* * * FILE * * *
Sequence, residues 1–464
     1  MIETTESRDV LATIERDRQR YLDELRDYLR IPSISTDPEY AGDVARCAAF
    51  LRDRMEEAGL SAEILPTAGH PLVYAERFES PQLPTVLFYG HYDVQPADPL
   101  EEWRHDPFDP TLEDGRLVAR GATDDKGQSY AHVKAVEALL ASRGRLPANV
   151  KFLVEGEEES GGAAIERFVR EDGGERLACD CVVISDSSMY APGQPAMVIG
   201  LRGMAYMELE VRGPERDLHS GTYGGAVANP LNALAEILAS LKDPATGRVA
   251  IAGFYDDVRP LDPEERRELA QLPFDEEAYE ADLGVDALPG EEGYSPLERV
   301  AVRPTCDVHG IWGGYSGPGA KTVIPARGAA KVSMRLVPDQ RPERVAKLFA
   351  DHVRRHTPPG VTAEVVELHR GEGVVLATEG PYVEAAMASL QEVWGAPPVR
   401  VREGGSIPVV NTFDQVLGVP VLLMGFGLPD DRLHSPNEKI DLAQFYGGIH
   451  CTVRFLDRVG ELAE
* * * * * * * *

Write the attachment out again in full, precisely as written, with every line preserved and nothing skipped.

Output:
Sequence, residues 1–464
     1  MIETTESRDV LATIERDRQR YLDELRDYLR IPSISTDPEY AGDVARCAAF
    51  LRDRMEEAGL SAEILPTAGH PLVYAERFES PQLPTVLFYG HYDVQPADPL
   101  EEWRHDPFDP TLEDGRLVAR GATDDKGQSY AHVKAVEALL ASRGRLPANV
   151  KFLVEGEEES GGAAIERFVR EDGGERLACD CVVISDSSMY APGQPAMVIG
   201  LRGMAYMELE VRGPERDLHS GTYGGAVANP LNALAEILAS LKDPATGRVA
   251  IAGFYDDVRP LDPEERRELA QLPFDEEAYE ADLGVDALPG EEGYSPLERV
   301  AVRPTCDVHG IWGGYSGPGA KTVIPARGAA KVSMRLVPDQ RPERVAKLFA
   351  DHVRRHTPPG VTAEVVELHR GEGVVLATEG PYVEAAMASL QEVWGAPPVR
   401  VREGGSIPVV NTFDQVLGVP VLLMGFGLPD DRLHSPNEKI DLAQFYGGIH
   451  CTVRFLDRVG ELAE